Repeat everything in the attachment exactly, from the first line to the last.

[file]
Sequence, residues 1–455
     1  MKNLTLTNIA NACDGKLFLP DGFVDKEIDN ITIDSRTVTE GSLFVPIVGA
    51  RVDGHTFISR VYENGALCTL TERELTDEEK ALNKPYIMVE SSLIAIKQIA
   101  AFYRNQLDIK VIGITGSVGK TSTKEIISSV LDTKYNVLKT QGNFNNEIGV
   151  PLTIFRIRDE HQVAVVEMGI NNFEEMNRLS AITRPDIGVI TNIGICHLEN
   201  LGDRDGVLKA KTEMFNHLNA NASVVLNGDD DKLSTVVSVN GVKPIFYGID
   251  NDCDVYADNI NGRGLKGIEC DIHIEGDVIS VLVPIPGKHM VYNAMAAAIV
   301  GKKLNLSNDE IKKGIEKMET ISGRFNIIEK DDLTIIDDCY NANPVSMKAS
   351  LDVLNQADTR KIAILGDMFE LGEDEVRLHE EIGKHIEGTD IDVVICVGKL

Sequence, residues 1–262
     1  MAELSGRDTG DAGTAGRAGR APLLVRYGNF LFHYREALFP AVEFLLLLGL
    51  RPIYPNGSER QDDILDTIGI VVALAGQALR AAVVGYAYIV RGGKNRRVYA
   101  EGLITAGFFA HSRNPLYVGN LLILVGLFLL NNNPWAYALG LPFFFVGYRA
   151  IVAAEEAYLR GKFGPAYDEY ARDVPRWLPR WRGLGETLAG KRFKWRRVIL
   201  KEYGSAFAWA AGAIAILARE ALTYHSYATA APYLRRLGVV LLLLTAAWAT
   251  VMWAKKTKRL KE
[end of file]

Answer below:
Sequence, residues 1–455
     1  MKNLTLTNIA NACDGKLFLP DGFVDKEIDN ITIDSRTVTE GSLFVPIVGA
    51  RVDGHTFISR VYENGALCTL TERELTDEEK ALNKPYIMVE SSLIAIKQIA
   101  AFYRNQLDIK VIGITGSVGK TSTKEIISSV LDTKYNVLKT QGNFNNEIGV
   151  PLTIFRIRDE HQVAVVEMGI NNFEEMNRLS AITRPDIGVI TNIGICHLEN
   201  LGDRDGVLKA KTEMFNHLNA NASVVLNGDD DKLSTVVSVN GVKPIFYGID
   251  NDCDVYADNI NGRGLKGIEC DIHIEGDVIS VLVPIPGKHM VYNAMAAAIV
   301  GKKLNLSNDE IKKGIEKMET ISGRFNIIEK DDLTIIDDCY NANPVSMKAS
   351  LDVLNQADTR KIAILGDMFE LGEDEVRLHE EIGKHIEGTD IDVVICVGKL

Sequence, residues 1–262
     1  MAELSGRDTG DAGTAGRAGR APLLVRYGNF LFHYREALFP AVEFLLLLGL
    51  RPIYPNGSER QDDILDTIGI VVALAGQALR AAVVGYAYIV RGGKNRRVYA
   101  EGLITAGFFA HSRNPLYVGN LLILVGLFLL NNNPWAYALG LPFFFVGYRA
   151  IVAAEEAYLR GKFGPAYDEY ARDVPRWLPR WRGLGETLAG KRFKWRRVIL
   201  KEYGSAFAWA AGAIAILARE ALTYHSYATA APYLRRLGVV LLLLTAAWAT
   251  VMWAKKTKRL KE